The likely cost of crime is obviously one way to justify the cost of protection, although the right balance is not easy to achieve when the loss of the entire school through arson may be one consequence of inadequate security. Schools have a relatively high risk of a major fire, whether started as a deliberate malicious act, an unintended outcome of lesser vandalism, or to conceal evidence of burglary. Note that the risk is statistically greatest in schools that have already experienced minor fires or repeated acts of vandalism and graffiti. Evidence of good housekeeping such as the timely repair of minor damage, the immediate removal of graffiti and the disposal or securing of combustible waste outside buildings has a notable influence on checking the development of these early signs of risk.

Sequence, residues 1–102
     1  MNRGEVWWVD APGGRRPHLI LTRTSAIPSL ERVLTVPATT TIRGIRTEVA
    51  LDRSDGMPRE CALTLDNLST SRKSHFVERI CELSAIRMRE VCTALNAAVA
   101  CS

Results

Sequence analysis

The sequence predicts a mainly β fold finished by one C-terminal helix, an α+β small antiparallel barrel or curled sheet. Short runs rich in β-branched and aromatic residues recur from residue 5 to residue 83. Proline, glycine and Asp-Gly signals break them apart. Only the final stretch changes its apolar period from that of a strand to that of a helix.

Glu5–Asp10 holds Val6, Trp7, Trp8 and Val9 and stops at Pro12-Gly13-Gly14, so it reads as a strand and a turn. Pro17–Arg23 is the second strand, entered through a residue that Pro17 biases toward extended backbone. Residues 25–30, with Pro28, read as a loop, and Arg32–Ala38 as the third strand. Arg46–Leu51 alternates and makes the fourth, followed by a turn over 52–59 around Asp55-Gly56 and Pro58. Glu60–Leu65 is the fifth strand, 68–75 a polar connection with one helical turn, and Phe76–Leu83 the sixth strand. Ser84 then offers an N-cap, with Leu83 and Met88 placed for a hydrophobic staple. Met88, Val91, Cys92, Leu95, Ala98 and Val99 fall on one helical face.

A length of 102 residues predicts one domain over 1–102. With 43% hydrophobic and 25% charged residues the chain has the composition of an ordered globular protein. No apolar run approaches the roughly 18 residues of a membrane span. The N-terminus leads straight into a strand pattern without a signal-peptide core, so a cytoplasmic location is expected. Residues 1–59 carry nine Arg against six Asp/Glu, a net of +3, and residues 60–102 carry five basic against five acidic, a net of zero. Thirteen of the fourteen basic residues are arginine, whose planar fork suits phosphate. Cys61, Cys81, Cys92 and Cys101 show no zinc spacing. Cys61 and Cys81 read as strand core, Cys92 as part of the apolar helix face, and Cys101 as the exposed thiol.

Fundamentals First - Physical Security

The police and your local council's security expert will advise you in detail but the type of basic protection you must consider will include five-lever mortise locks and ‘hinge bolts' on external doors, anti-drill plates for fire doors, window locks with removable keys and non-return screws on external fixings for vents and skylights. It may also include things like window grilles, whether as permanent fixtures or by the use of attachments capable of removal on a daily basis. The physical construction of external doors and windows and the strength of their fixing to the building structure is as important as the locking mechanisms. The best lock in the world is useless on a flimsy door or frame. On the whole, improvements to physical building security will be the only feasible way to make trespass more difficult.